... are the ones in my waste bin!
I have had problem skin (in the form of vitiligo) virtually all my life. As a result, I have had ample opportunity to observe how my skin reacts to certain substances, events and environments. My five decades worth of first-hand knowledge has conformed, by and large, with the scientific and anecdotal information I have read over the past several years. But I came across some historical research (dating from 1984) the other day that was completely at odds with my own experience and I would be really interested to know how many vitiligo friends out there share my surprise at the findings.
The research in question concluded that a vitiligo sufferer's white patches are less sensitive to allergens than their normal skin. This strikes me as counterintuitive, given that depigmented skin is known to be more sensitive to UV light than normal skin and is also known to have an increased sensitivity to oxidative stress. So why, I wonder, would it be less sensitive to irritants and allergens? Mine certainly isn't. My white patches always reacted more dramatically to insect bites and stings than the rest of my skin and would often itch and turn red when in contact with certain fabrics or threads. The most common irritants were car seat belts, rubber gloves and boots, nylon thread, underwear elastic, bra fastenings (I'm sure this is the reason for a large vitiligo patch I used to have on my back at this exact spot) and clothing labels. Naturally, the response to these irritations was often to scratch the itch, which I now know probably made matters worse.
I now realise that contact with these substances exposed me to multiple vitiligo triggers: firstly, the direct depigmenting effect of the chemical constituents themselves and, secondly, the Koebner effect that scratching can cause.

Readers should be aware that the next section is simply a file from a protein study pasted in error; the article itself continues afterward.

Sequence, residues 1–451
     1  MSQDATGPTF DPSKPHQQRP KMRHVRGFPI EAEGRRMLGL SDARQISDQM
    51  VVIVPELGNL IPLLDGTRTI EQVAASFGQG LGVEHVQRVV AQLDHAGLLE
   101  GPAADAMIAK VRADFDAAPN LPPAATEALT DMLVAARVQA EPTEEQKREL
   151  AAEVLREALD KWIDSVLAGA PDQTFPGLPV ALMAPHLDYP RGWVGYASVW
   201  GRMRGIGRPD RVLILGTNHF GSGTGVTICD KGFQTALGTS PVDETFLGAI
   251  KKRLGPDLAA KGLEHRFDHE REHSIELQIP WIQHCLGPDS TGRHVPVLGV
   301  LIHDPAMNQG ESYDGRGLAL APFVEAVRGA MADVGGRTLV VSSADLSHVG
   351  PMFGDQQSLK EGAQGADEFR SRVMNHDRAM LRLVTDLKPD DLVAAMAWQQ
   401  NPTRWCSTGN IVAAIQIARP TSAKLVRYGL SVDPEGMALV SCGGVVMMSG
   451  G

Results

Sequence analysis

Some irritants are simple to avoid. For example, the only bare skin that routinely comes into contact with car seat belts is around the collar bone when wearing a lower neckline. So I always make sure I have a cotton scarf in the car to place between the belt and my skin. Labels are relatively easy to tackle too. The first thing I do with any new clothes is to cut off all labels. At first, I used to try to unpick the stitching so I could remove the entire label but most #clothing manufacturers seem to be so keen for their name to remain in the garment that they make them bomb-proof – so scissors are sometimes the only answer. The remnants of the label may still cause irritation though, so these tips on removing labels completely might come in handy.
But, whilst a number of other vitiligo sufferers have commented to me that their white patches are super-sensitive too, it would be interesting to know just how typical this actually is. So please let me know what your experiences are.
In any case, some clothing manufacturers have cottoned on (sorry!) to the fact that a significant proportion of the general population dislike scratchy tags next to their skin and have started to use "tagless labels" instead. This is good news, of course, but these brands are still in the minority and there is no guarantee that just because a garment is tagless it is also going to be free from other irritants and depigmenting agents. This is why I decided to feature Dermasilk undergarments on Vitiligo Store. They are mercifully free from scratchy labels and irritating elastic and nylon thread; they are made from a therapeutic dermatological silk that minimises friction and maintains healthy moisture levels; they have a permanent antimicrobial effect built in to the fabric and they provide a protective barrier between your skin and the garments worn on top, which means that you don't have to worry too much about what vitiligo triggers may or may not lurk in your everyday clothing.
Note: I was asked earlier this week to add knee-length undersocks to the range, which I have now done, so you can use these inside wellie boots in the same way as you use the therapeutic gloves inside your Marigolds or other household gloves. The seamless bra liner can also be worn under a regular bra to protect from the threads, labels, wires and clasps that can cause irritation. And the ladies' briefs and gents' boxers are an irritant-free, therapeutic alternative to regular underwear, which could be important for vitiligo sufferers, given that the groin area is a common site for lesions.
My name is Caroline.